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科学美国人60秒:火山爆发对火山预报的促进作用

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This is 60 Second Science, I'm Christopher Intagliata.

这里是《科学美国人》的 60 秒科学。我是Christopher Intagliata.

Christopher Intagliata: For three months now, the Cumbre Vieja volcano has unleashed fury upon the island of La Palma, in the Spanish Canary Islands. Ash has rained from the sky. Rivers of lava have consumed at least 2600 buildings, and razed plantations of bananas and avocados. The magma's movement underground has triggered clusters of earthquakes too—more than a dozen hit La Palma on a recent day.

三个月来,在西班牙加那利群岛(Canary Islands)西北端的拉帕尔马岛(La Palma)上,老昆布雷火山(Cumbre Vieja)一直肆意释放着怒火。火山灰烬从天而降,熔岩流吞噬了至少2600栋建筑,夷平了香蕉和鳄梨种植园。而地下的岩浆活动也在拉帕尔马岛上触发了一系列地震,一天可能发生十几次。

Despite that devastation, only one death has been attributed to the eruption. And volcanologists say the recent activity has them rethinking their predictions of the volcano's next move.

尽管灾情严重,但只有一人丧生于火山喷发。火山学家说,最近的火山活动让他们重新思考如何预测火山的后续活动。

Marc-Antoine Longpré: "It's always useful to see a new volcano personality."

“看到火山新的‘个性',用处是很大的。”美国纽约城市大学(City University of New York)的火山学家马克·安托万·隆普雷(Marc-Antoine Longpré)说道。

Intagliata: Marc-Antoine Longpré is a volcanologist at the City University of New York. He says every eruption helps scientists better understand volcanoes, and improve their forecasts.

他表示,每一次喷发都有助于科学家更好地了解火山,改进他们的预测。

Longpré: One lesson is that volcanoes in the Canary Islands behave a little bit differently from other basaltic volcanoes we commonly see in the media for example, like Hawaiian volcanoes and Etna in Italy.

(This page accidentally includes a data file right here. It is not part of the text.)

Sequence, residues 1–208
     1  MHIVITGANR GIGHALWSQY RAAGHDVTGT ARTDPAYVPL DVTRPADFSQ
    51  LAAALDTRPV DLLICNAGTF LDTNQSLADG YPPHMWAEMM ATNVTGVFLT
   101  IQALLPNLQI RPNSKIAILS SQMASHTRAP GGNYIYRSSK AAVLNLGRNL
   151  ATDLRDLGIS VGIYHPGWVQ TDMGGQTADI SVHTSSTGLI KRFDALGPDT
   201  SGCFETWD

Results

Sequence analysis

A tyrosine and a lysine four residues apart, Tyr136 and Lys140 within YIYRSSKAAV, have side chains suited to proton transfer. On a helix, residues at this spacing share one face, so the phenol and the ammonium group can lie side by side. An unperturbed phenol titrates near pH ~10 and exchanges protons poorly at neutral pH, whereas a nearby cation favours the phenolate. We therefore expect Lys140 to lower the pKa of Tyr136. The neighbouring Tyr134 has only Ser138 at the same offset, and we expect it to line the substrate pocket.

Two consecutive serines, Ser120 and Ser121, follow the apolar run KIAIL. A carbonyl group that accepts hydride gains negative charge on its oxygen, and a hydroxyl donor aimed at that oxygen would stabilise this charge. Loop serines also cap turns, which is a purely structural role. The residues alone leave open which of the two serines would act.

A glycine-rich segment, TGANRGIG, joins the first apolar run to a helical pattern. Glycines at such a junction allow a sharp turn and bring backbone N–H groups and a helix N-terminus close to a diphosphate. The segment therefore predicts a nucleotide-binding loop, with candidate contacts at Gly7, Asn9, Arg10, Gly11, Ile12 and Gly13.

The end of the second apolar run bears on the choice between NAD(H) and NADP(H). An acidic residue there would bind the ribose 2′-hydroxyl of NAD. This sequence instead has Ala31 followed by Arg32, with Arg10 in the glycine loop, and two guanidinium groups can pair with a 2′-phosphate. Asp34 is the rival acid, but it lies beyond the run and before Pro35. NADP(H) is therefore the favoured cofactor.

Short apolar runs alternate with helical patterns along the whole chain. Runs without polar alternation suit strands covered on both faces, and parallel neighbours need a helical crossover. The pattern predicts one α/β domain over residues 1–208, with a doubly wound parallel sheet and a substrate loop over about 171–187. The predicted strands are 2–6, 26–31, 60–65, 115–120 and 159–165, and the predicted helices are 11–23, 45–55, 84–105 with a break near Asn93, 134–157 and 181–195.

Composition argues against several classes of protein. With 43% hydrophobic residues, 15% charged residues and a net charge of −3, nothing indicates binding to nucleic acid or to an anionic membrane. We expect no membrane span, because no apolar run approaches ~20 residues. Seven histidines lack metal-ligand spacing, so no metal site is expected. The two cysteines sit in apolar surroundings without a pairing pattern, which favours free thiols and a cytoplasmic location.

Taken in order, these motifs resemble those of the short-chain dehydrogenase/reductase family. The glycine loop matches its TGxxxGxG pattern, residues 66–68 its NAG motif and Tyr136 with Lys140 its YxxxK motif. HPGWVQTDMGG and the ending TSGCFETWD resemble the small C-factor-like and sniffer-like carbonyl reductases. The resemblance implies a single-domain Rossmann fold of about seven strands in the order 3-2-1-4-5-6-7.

“这给我们的启示之一是,与我们在媒体中常见的玄武岩火山,例如夏威夷火山群(Hawaiian volcanoes)和意大利的埃特纳(Etna)火山相比,加那利群岛火山的行为略有不同。”

Intagliata: He explains that those volcanoes tend to have a shorter run-up to their eruptions. Whereas Cumbre Vieja began to reawaken years ago, in October 2017, with a cluster of tiny earthquakes. In the years since, the volcano has triggered sporadic swarms of tiny quakes. But on September 11th, 2021 -- eight days before the eruption -- things picked up. Several hundred quakes hit every day. And the ground began to deform, likely due to flows of magma.

隆普雷解释说,这些(玄武岩)火山喷发前的“预热”时间较短。而老昆布雷火山几年前就已苏醒,早在2017年10月,伴有小型的地震丛集(cluster)。自此之后,火山触发了零星的微弱地震群。但在2021年9月11日,也就是火山喷发的8天之前,地震越来越多。每天会震上数百次。而且可能由于岩浆流动,地面开始变形。

Longpré: In hindsight it took a long time for the volcano to reactivate but in the end there was a week of late stage warning that an eruption was going to come. So that's something that will be useful in the future for sure.

“事后看来,火山重新活动需要很长时间,但预警火山喷发即将到来的最终阶段可能只有一周左右。所以,这对未来肯定有用。”

Intagliata:Longpré's analysis appears in the journal Science. [Marc-Antoine Longpre?, Reactivation of Cumbre Vieja volcano]

隆普雷的分析结果发表在《科学》(Science)期刊上。

Cumbre Vieja last erupted 50 years ago, in 1971. Next time, Longpré says, forecasters will be better prepared.

老昆布雷火山最近一次喷发还是50年前的1971年。至于下一次,隆普雷表示,预报员会做好更充分的准备。

Longpré:In 50 years or maybe longer, when the volcano reactivates again, we will know from this current experience that it may take several years before the eruption actually shows up. And we also see that it can accelerate very rapidly and in the end give a short warning for an imminent eruption.